Apple patches two zero-days under attack (CVE-2023-41064, CVE-2023-41061)

Apple has patched two zero-day vulnerabilities (CVE-2023-41064, CVE-2023-41061) exploited to deliver NSO Group’s Pegasus spyware.

CVE-2023-41064 CVE-2023-41061

“The exploit chain was capable of compromising iPhones running the latest version of iOS (16.6) without any interaction from the victim,” Citizen Lab shared.

“The exploit involved PassKit attachments containing malicious images sent from an attacker iMessage account to the victim.”

About the vulnerabilities

CVE-2023-41064 is a buffer overflow vulnerability in the ImageI/O framework, which allows applications to read and write most image file formats. The vulnerability can be triggered with a maliciously crafted image and can lead to arbitrary code execution.

CVE-2023-41061 is a validation issue in Apple’s Wallet, where users can store payment cards, IDs, event tickets, traveling tickets, etc. The vulnerability can be triggered with a maliciously crafted attachment and can lead to arbitrary code execution.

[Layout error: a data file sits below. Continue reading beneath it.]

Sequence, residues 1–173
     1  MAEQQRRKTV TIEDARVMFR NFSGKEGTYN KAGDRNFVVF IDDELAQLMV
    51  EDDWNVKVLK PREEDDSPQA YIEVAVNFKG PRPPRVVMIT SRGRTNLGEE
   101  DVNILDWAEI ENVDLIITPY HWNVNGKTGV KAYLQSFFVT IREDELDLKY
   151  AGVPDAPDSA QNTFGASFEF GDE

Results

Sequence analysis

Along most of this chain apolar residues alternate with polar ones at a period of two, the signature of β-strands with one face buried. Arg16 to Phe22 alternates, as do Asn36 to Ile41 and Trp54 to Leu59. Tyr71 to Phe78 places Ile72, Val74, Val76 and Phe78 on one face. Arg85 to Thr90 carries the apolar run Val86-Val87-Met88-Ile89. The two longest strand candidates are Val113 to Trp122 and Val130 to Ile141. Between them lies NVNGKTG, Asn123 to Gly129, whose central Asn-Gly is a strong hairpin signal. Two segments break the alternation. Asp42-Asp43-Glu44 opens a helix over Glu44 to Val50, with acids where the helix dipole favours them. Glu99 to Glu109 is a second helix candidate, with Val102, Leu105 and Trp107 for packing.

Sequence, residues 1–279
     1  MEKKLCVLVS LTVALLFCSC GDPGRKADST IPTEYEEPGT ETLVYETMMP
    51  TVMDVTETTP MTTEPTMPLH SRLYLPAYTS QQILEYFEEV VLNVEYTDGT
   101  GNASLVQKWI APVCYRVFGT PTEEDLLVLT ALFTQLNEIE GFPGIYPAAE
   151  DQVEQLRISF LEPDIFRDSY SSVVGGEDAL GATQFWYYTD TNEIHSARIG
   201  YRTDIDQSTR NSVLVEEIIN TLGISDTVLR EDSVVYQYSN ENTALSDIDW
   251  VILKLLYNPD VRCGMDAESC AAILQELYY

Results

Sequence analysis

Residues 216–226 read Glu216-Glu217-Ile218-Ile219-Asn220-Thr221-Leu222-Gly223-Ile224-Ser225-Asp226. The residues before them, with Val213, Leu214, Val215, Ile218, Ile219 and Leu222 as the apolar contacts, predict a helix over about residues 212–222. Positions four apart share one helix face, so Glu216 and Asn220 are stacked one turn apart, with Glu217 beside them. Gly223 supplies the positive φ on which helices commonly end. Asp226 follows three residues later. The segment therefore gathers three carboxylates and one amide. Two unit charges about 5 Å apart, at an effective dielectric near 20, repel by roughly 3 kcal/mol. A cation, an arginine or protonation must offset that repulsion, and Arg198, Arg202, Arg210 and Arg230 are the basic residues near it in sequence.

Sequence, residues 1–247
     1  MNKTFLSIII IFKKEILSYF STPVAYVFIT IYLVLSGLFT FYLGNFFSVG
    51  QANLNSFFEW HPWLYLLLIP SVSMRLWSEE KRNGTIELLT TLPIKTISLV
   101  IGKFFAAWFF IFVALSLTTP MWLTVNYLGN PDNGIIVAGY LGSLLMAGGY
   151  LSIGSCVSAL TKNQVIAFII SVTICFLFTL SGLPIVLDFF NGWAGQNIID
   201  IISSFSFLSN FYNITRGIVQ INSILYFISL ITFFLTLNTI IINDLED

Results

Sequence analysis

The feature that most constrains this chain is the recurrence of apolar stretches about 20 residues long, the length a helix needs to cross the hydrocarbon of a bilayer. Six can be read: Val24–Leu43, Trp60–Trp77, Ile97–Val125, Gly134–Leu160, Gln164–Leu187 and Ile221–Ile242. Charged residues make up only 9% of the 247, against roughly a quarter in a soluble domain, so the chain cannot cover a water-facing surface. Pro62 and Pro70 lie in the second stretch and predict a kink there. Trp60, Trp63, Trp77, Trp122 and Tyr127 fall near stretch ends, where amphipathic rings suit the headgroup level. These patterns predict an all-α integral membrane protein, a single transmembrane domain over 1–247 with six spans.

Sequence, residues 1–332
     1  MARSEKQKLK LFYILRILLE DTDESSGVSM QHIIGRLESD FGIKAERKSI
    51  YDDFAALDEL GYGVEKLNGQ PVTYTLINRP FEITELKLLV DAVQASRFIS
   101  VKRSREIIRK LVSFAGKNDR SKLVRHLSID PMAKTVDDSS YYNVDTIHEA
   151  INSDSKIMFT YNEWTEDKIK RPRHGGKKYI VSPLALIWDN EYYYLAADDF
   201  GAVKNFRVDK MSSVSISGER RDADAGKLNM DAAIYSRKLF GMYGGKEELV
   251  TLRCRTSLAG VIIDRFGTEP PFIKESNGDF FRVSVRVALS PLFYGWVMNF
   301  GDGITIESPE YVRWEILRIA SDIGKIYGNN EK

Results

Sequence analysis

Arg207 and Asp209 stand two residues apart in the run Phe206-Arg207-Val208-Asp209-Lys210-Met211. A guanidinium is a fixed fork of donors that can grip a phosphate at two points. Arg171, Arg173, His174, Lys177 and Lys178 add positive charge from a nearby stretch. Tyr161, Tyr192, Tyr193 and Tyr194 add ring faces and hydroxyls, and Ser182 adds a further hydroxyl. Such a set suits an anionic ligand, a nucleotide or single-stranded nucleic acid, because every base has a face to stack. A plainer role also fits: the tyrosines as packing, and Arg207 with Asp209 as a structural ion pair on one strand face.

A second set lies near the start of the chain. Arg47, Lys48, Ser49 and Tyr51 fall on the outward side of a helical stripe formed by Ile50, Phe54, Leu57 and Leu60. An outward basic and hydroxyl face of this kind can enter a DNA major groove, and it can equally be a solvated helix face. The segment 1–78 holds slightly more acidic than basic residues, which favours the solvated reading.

CVE-2023-41064 was reported by The Citizen Lab at The University of Torontoʼs Munk School, while CVE-2023-41061 was figured out by Apple with their help, probably as they were validating the existence of CVE-2023-41064.

Both have been fixed in the iOS 16 branch. A fix for CVE-2023-41064 is also included in the latest security update for macOS Ventura (13.5.2), and for CVE-2023-41061 in watchOS 9.6.2.

The patches will likely be backported to older iOS, iPadOS and macOS branches soon.

An exploit chain to target high-risk users

The exploit chain – dubbed BLASTPASS by Citizen Lab – was detected when they analyzed a device of an individual employed by a Washington DC-based civil society organization with international offices.

“This latest find shows once again that civil society is targeted by highly sophisticated exploits and mercenary spyware,” they said. “We expect to publish a more detailed discussion of the exploit chain in the future.”

“Regular” users are advised to update their devices as soon as possible, but users who are at risk of highly targeted cyberattacks with spyware like Pegasus should think about activating Lockdown Mode.

“We believe, and Apple’s Security Engineering and Architecture team has confirmed to us, that Lockdown Mode blocks this particular attack,” the Citizen Lab pointed out.

Another good idea for users that run the latest versions of Apple’s operating systems is to enable Apple Rapid Security Response, which automatically installs security patches as they are made available.

UPDATE (September 12, 2023, 04:30 a.m. ET):

Apple has fixed CVE-2023-41064 in older operating systems: iOS 15.7.9 and iPadOS 15.7.9, macOS Monterey 12.6.9 and macOS Big Sur 11.7.10.

CISA has added the two flaws to its KEV catalog.

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